-10 ( +0 / -10 )

Campaigners say Saudi's quest for soft power belies a dire rights record, and Human Rights Watch this week called on Kishida to press Prince Mohammed on the issue.

And this will accomplish literally nothing. Biden criticizing Japan's attitudes on immigrants accomplished NOTHING, aside from upsetting the netto uyoku as well as many "Pick me!" foreigners (which was quite entertaining I suppose).

Kishida, take the deal. Your society is becoming an irrelevant joke. Most of your industries are doing nothing noteworthy and many companies here are receiving corporate welfare to prevent millions of people from becoming unemployed. Since your yen is tumbling so hard you might as well just put everything up for sale anyway. I would LOVE to watch all of these useless oyajis get evicted and replaced with young and dynamic foreigners that will make the workplaces more open and productive.

-10 ( +0 / -10 )

They are the polar opposite to Japanese values.

You're right. "They" are thinking big. They are being ambitious. They are thinking ahead and thinking of the future.

The Japanese are still endlessly trying to solve yesterday's problems.

We criticize Japan for its toxic overworked culture, but they don't sit on top of land with an autogenerate-money feature, can't just sit around in the sun getting free lunches. Without a disciplined work culture, Japan would be nothing.

Their work culture is a big part of the reason why they are on the decline. People are working absurdly long hours and have no work-life balance, which is causing social problems ie men and women not interacting or forming meaningful relationships, which means people aren't having kids, which is helping the population slide downwards, meaning lower tax revenue, meaning all of the great social programs and government programs Japanese people like will eventually wither away because they can't fund them. All those great trains? Many of the stations are closing outside of a handful of regions. Small towns are disappearing, some even in Kanto.

Moreover since the 1960s they basically abandoned agriculture in favor of a service based economy, and now Japan imports over 60% of its food, meanwhile the service economy isn't actually producing anything worthwhile. All they can really do is try to copy things the west has done in hopes they can catch up.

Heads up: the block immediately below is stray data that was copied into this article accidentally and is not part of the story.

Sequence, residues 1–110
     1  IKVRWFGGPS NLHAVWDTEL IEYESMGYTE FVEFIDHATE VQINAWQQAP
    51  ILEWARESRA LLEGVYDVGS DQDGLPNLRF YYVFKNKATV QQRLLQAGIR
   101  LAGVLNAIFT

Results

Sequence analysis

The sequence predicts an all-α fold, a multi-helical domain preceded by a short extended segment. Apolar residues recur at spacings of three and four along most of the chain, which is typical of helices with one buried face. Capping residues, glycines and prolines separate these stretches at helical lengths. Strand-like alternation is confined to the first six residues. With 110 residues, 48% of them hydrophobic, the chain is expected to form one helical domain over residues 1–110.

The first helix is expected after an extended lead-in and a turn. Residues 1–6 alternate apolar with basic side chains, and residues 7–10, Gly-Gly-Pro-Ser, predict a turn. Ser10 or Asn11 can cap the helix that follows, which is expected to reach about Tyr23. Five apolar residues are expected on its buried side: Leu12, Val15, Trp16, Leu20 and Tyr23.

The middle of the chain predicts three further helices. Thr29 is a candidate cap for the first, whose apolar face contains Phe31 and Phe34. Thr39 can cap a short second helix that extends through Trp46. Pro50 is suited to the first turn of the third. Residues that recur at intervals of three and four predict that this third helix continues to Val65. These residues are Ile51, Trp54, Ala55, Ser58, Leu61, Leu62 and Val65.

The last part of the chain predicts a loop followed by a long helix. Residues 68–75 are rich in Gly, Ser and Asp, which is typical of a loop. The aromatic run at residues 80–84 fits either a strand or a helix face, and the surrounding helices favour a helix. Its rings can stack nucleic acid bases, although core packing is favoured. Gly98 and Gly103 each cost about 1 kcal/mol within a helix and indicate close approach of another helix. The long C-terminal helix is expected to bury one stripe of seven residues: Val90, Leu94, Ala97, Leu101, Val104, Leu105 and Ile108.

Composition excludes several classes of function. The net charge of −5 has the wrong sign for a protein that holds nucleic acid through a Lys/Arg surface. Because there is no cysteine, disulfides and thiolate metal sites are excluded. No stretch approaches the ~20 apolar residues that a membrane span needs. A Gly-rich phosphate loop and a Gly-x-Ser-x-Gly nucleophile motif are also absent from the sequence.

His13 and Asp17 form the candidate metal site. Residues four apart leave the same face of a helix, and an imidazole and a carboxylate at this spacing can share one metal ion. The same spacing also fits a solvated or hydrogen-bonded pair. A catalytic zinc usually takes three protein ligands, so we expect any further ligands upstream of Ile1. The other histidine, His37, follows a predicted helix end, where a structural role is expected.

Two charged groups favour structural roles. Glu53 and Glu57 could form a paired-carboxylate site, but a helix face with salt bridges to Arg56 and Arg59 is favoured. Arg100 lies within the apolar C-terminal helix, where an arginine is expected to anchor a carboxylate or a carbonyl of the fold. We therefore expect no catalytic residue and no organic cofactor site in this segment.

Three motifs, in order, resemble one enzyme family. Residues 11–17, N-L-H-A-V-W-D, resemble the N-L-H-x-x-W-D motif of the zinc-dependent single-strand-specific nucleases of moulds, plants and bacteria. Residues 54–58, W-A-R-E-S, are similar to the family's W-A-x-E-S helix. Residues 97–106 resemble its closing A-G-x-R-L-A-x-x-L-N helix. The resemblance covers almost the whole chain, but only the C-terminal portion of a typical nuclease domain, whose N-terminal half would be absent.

Mass immigration is not the answer. But we don't need the oyajis anymore, either. Send them to retirement, I don't even mind if they get a nice goodbye package in the process. But they have failed at running things. Bring in the foreign consultants to run the companies and assist the government and I guarantee you there will be more investment into Japan and the economic situation could stabilize.

The first part of the process is accepting that there is a big problem. So I for one welcome our new Saudi overlords.

-10 ( +0 / -10 )

Japan only get the crumb, China already got the main deal

https://asia.nikkei.com/Editor-s-Picks/Interview/Saudi-Arabia-to-keep-bolstering-ties-with-China-economic-chief

-12 ( +6 / -18 )

perhaps heavily invested in big oil/gas, or just another lackey for the global fossil fuel masters that's swallowed their climate change denial propaganda?

A lackey for an energy source that is reliable and has kept the world running for over 120 years. You can walk and chew gum at the same time, if the U.S. doesn’t get the oil, someone else will, it is not going away, it will be drilled and used, if that’s the case then it should be by US because it would be processed definitely cleaner and used more responsibly than by either the Russians or the Chinese.

-12 ( +0 / -12 )

Japan's fossil caste remain fossilized and beholden to the global masters of gas and oil. Burn, baby burn that fossil fuel, and keep the global masters living lives of wretched excess, while the planet chokes on exhaust and burns

As we should, oil will never, at least not in the foreseeable future go away, we can come up with cleaner policies, we have come a long ways from the days that I remember as a kid the skies were purple in LA and with the new emission control standards put in place that has all changed. We need to drill more, not less and use the energy we have, energy that has always been the most reliable, and that’s oil, coal, gas, but at the same time we should look for other viable and sustainable alternatives that can match resources we have been using reliably for over 120 years. China and India will, they will and they’re not beholden to any strict standard, the U.S. has and as such should continue to harness these resources.

-14 ( +1 / -15 )